The British Army has commissioned research that suggests that 18-35 year olds, or to use the more charged term ‘young people’, are wasting their time on video games and social media.
The would-be reservists are apparently wittering away an average of three and a half hours a day on Call Of Duty and Snapchat. This is suggested to be one of the core reasons why the Army is so short of its 30,000 trained reservists by 2019.
It’s telling to see games and social media lumped together as a single activity rather than two almost entirely separate cultural pastimes. Yes, games do incorporate a social element - friends can chat together as they play. Social networks are also becoming more ‘gamey’, with the number of friends or followers you have morphing into real-life ‘social high-scores’.
Yet I doubt the analysis is that nuanced. What the research is really trying to argue against is the perceived escapism young people find in games and on social media. It's a complaint against a particular type of escapism that is culturally irrelevant to the recruiters who commissioned the study.
Is spending time on social media really a waste of time?
Escapism plays a sizeable part in the motivation to play or connect to friends online. Yet there are far more desires games and social media effectively satisfy. Social media provides social interaction, it’s a tool for communicating with strangers and friends alike. It allows users access to a limitless number of publishers and offers them expression through sharing and creating with a community.
The comradeship found on sites like Tumblr or Buzzfeed, where young people consume and share culture through everything from fashion choices or food-selfies to remixes of the latest cat meme, is substantial if however a little confusing for those not directly involved. These sites present just a small chunk of young people’s complex social lives. Indeed, to consider social media sites as anything but a near-essential aspect of everyone’s modern lives is frankly embarrassingly naive.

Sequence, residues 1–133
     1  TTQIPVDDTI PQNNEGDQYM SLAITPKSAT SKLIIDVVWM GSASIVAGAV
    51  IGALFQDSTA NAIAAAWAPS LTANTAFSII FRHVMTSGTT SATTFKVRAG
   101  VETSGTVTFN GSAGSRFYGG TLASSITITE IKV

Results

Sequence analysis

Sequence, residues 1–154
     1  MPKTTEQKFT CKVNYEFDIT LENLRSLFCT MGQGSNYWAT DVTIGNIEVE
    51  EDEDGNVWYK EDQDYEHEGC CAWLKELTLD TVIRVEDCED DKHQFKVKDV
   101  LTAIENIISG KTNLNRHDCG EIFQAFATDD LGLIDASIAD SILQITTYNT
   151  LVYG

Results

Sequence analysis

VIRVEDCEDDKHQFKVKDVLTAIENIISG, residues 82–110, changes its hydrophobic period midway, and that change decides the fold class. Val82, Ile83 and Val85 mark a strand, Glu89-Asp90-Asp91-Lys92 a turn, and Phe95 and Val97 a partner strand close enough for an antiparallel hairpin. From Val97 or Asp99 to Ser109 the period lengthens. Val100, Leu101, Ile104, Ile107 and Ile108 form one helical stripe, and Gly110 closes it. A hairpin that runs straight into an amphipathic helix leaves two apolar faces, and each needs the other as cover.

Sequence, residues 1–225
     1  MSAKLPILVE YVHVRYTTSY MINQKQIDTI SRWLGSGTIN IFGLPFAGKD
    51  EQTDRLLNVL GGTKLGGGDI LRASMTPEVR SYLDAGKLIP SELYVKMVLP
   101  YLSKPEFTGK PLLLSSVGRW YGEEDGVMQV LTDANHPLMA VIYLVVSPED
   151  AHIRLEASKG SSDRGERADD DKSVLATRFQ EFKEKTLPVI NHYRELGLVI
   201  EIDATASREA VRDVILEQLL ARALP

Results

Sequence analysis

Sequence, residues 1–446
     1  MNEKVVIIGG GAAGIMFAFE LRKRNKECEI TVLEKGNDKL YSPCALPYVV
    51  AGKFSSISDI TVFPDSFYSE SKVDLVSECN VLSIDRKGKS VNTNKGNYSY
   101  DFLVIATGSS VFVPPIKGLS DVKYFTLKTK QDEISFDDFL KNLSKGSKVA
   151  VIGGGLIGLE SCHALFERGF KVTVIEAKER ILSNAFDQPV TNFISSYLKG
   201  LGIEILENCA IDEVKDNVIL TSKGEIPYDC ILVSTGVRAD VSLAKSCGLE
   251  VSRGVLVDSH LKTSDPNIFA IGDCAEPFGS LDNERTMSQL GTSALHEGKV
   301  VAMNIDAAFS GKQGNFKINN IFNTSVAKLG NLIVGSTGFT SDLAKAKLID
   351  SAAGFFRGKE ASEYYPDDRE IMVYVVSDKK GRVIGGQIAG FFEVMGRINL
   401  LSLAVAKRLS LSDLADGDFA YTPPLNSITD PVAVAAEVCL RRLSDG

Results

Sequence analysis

Games, on the other hand, meaningfully fulfil desires we all have. In the landmark paper Mechanics, Dynamics, and Aesthetics, researchers lay out what makes people want to play. They identify eight key reasons for gaming. Games satisfy sensory desires, our longing for fantasy and narrative. The desire for challenge, fellowship, discovery, expression and finally abnegation or escapism. These are deeply human and valuable reasons for playing. Why does it matter that they’re satisfied virtually?
Maybe the medium is the message. It would take around 60 hours to binge watch Breaking Bad or The Wire. Is reading Harry Potter or Game of Thrones for a couple of hours a night a waste of time? How about my hourly cycle every day? Unless you appeal to a Gradgrindian-like utilitarianism, where all leisure is a waste of time, this is just simply a case of one generation not standing another. It’s blue jeans and swinging Elvis hips all over again.
The irony is that if recruiters could use the cultural language and tools of the young they could appeal to a sizable chunk of the generation. Life as a reservist can tap into nearly all the core reasons people play games or surf the web, particularly the desires for kinship, challenge, discovery and expression.
Even more damning is the fact that social media sites and video games are doing a much better job at appealing to people of all races, genders and sexualities while recruiters struggle to appeal to minorities. Furthermore it’s rather strange to see social media being dismissed when all the forces have a very strong social media presence and the Army itself even has a recently-announced social media unit.
By attempting to understand the importance of games and social media to young people recruiters will find hardworking, dedicated future leaders. Young people don’t need to be made greater through ‘A better you’. They need to be spoken to as the accomplished, rounded individuals their hobbies and social lives already show them to be.